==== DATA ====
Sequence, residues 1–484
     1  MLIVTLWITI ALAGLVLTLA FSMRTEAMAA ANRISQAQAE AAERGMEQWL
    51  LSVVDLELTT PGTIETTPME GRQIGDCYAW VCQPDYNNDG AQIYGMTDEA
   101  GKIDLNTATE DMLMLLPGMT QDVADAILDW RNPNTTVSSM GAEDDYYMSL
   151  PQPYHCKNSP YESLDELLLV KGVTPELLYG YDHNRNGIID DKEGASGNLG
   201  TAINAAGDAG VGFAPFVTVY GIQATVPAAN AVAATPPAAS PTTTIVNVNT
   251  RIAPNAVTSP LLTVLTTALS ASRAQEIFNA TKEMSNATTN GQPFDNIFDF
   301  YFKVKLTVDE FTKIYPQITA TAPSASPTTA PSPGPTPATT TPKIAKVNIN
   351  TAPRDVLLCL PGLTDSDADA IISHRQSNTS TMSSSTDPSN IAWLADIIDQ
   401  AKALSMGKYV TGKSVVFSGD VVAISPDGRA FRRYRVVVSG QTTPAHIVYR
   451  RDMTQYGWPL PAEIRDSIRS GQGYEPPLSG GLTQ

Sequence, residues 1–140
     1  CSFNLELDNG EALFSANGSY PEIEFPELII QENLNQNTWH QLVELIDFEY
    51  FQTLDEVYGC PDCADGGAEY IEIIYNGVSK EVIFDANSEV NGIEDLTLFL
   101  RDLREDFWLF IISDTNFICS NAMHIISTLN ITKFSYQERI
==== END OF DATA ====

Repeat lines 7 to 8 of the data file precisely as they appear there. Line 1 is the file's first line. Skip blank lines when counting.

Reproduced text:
   251  RIAPNAVTSP LLTVLTTALS ASRAQEIFNA TKEMSNATTN GQPFDNIFDF
   301  YFKVKLTVDE FTKIYPQITA TAPSASPTTA PSPGPTPATT TPKIAKVNIN